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Court of Appeal, Second District, Division 2, California.

The PEOPLE, Plaintiff and Respondent, v. Robert TINDALL, Defendant and Appellant.

No. B114899.

Decided: May 18, 1999

Barry J. Post, San Pedro, for Defendant and Appellant. Bill Lockyer, Attorney General, David P. Druliner, Chief Assistant Attorney General, Carol Wendelin Pollack, Senior Assistant Attorney General, Robert F. Katz and Mitchell Keiter, Deputy Attorneys General, for Plaintiff and Respondent.

In People v. Valladoli, the jury convicted the defendant of a drug charge.   Before the jury was dismissed, the People moved to amend the information to add a variety of enhancements, none of which involved “strikes.”   The trial court granted leave to amend, and the same jury found the enhancements to be true.   We affirmed, and so did our Supreme Court.   (People v. Valladoli (1996) 13 Cal.4th 590, 54 Cal.Rptr.2d 695, 918 P.2d 999 (Valladoli ).)   However, the Supreme Court was careful to limit its decision to the facts before it, i.e., a post-verdict amendment made prior to the discharge of the original jury.1

The other shoe has now dropped.   We have before us a case where appellant Robert Tindall was convicted of possession of a small amount of rock cocaine.   He waived jury on the two enhancements alleged, which involved two prior California felony drug cases.   The court hearing on the enhancements was put over until the time of sentencing.   On that date, the probation report revealed something the prosecution failed to find.   It turned out that in addition to the two California drug felonies, appellant had a dazzling array of approximately thirteen Missouri felony and misdemeanor convictions, headed by second-degree murder.   More important to this appeal, he also had three federal bank robbery convictions (which occurred in California) and was still on federal parole at the time of the current offense.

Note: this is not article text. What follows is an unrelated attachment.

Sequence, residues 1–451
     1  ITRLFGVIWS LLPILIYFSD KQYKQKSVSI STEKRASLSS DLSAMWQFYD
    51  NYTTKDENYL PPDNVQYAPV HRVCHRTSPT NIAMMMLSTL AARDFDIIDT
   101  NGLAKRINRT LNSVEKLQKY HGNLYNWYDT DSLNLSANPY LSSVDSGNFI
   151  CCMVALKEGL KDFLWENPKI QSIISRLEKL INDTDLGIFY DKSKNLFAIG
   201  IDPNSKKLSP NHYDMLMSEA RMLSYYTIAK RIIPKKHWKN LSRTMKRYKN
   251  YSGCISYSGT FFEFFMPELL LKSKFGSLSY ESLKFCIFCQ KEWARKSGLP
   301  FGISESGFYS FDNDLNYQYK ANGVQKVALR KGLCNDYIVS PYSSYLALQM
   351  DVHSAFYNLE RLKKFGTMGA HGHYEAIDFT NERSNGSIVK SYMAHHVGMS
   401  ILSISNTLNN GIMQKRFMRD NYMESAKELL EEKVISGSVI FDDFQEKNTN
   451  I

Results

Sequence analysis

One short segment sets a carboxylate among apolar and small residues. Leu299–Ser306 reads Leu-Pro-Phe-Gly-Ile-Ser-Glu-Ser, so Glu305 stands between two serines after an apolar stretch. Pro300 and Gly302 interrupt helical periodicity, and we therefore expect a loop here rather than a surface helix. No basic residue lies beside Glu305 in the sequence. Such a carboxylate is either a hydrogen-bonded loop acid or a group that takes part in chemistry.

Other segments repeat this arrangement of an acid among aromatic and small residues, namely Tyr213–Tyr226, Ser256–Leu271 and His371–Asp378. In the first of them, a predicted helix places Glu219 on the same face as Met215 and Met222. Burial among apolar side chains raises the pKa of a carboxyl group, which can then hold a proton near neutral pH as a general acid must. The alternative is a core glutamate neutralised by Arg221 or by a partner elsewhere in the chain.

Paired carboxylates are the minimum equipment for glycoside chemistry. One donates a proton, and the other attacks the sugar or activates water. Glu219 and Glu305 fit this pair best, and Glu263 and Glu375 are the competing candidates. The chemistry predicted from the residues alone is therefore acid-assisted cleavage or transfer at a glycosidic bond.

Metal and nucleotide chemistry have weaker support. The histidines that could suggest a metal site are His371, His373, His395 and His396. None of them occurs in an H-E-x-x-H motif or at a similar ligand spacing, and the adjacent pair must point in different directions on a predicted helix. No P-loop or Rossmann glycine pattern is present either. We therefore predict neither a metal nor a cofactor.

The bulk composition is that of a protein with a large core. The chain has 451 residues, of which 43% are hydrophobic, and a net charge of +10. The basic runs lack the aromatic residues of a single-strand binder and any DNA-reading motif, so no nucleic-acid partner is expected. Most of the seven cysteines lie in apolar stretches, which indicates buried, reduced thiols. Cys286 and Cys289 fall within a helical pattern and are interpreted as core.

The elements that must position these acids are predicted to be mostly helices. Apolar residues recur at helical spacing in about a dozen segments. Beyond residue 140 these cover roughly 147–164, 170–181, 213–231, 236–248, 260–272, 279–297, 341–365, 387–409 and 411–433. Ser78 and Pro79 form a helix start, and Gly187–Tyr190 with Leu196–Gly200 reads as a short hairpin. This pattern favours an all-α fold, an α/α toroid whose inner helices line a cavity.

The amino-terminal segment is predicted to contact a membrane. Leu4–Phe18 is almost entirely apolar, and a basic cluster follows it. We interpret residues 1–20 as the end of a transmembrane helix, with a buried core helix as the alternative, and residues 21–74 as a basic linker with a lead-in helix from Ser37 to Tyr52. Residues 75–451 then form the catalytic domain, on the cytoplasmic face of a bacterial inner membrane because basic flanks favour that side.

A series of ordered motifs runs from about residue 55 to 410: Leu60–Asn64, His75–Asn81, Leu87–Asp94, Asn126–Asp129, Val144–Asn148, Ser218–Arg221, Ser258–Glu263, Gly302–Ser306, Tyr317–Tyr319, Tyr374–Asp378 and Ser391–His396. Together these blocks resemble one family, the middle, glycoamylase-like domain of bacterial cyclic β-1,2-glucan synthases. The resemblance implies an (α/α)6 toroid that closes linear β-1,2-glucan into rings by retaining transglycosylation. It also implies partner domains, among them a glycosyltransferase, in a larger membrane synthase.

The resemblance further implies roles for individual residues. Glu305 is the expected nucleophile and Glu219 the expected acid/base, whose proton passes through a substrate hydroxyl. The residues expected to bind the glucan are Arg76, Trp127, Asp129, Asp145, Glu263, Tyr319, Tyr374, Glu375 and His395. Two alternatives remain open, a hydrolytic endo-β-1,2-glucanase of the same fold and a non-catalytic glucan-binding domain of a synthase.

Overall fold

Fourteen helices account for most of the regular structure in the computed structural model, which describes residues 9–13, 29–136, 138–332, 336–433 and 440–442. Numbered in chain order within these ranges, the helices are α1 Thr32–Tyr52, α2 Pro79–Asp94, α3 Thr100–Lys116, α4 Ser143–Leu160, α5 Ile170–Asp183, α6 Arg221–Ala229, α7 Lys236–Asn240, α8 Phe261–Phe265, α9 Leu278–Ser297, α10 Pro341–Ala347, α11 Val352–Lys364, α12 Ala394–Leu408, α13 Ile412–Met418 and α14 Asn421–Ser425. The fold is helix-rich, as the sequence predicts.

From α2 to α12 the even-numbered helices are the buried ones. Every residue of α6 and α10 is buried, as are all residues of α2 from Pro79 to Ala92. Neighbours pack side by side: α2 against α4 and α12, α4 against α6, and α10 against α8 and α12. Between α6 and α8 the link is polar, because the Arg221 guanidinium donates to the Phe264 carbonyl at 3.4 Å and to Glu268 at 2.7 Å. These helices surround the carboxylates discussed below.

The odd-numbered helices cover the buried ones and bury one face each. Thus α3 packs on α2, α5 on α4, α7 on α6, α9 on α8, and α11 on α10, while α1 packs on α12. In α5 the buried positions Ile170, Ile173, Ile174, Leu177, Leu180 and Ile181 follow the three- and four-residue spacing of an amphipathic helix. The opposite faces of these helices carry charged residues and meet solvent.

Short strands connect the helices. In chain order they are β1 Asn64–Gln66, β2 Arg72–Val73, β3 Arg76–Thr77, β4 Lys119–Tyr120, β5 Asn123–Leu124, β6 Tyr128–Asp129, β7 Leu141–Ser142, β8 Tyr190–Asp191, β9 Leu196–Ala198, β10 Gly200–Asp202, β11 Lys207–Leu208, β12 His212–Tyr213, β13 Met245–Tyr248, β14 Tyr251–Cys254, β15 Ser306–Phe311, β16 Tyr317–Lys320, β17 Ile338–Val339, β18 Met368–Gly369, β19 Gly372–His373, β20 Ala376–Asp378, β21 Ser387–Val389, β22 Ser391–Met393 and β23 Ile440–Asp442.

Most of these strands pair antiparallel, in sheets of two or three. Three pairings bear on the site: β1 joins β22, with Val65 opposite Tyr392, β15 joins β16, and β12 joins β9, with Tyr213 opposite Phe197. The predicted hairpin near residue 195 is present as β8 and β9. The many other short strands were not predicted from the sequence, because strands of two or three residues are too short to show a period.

The prosecution's motion to amend the information to add the three bank robberies as “strikes” was granted.   Appellant was allowed to withdraw his jury waiver, and a jury ultimately found the priors to be proved.   The net result is that on this typical “one-rock toss” case, the 49-year-old appellant has gone from a maximum 4-year sentence (of which he would serve two) to at least 25 years (of which he will serve a minimum of 20).   In other words, a tenfold increase in punishment.

In the published portion of this opinion-which, given the Supreme Court's interest in this issue, will likely have a brief shelf-life-we hold that under the facts of this case and the principles set forth in Valladoli and People v. Saunders (1993) 5 Cal.4th 580, 20 Cal.Rptr.2d 638, 853 P.2d 1093, the amendment after the jury was dismissed was permissible and the trial court did not abuse its discretion in allowing it.   Our decision is based on the uncontroverted finding that there was no bad faith by the prosecution, and that (except for the length of the sentence) appellant has provided no argument showing the late amendment resulted in any cognizable prejudice at either pretrial proceedings, trial, or the subsequent jury trial on the priors.

In the unpublished part of this opinion, we reject appellant's 11 other issues, some of which were quite close.


Robert Tindall appeals from the judgment entered upon his conviction by jury of possession of rock cocaine (Health & Saf.Code, § 11350, subd. (a)), with findings that he had suffered three prior convictions within the meaning of the Three Strikes law (Pen.Code, §§ 1170.12, subds.(a)-(d), 667, subds. (b)-(i)).   He was sentenced to prison for 25 years to life.